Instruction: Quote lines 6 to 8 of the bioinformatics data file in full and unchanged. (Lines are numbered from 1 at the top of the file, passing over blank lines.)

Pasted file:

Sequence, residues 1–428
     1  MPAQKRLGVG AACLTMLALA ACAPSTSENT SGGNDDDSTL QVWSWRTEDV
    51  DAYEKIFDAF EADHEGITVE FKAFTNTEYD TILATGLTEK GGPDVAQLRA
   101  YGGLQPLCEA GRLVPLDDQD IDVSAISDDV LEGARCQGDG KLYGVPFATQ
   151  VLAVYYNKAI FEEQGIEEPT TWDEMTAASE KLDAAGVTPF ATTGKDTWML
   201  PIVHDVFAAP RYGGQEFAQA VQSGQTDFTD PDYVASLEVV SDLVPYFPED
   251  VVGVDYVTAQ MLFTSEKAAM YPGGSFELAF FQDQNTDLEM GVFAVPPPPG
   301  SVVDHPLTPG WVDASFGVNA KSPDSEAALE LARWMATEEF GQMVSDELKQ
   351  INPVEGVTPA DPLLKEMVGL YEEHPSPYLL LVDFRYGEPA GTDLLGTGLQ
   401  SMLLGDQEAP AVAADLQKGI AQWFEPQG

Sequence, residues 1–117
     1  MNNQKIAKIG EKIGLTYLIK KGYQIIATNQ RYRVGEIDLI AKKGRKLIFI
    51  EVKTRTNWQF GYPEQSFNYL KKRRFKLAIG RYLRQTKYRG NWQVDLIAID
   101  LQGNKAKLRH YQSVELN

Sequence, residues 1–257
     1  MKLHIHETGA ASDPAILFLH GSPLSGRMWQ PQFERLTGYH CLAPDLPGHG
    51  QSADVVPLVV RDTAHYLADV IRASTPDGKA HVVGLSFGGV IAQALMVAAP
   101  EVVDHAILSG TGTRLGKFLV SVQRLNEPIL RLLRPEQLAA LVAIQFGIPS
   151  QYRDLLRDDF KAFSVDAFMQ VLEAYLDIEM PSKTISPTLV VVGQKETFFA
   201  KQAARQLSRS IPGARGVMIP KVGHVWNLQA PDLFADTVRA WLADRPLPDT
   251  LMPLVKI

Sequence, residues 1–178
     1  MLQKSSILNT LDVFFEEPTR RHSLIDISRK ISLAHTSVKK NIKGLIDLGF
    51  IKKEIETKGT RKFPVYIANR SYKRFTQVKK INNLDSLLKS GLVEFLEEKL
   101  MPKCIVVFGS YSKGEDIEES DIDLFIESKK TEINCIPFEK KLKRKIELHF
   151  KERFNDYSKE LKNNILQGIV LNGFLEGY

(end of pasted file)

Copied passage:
   201  PIVHDVFAAP RYGGQEFAQA VQSGQTDFTD PDYVASLEVV SDLVPYFPED
   251  VVGVDYVTAQ MLFTSEKAAM YPGGSFELAF FQDQNTDLEM GVFAVPPPPG
   301  SVVDHPLTPG WVDASFGVNA KSPDSEAALE LARWMATEEF GQMVSDELKQ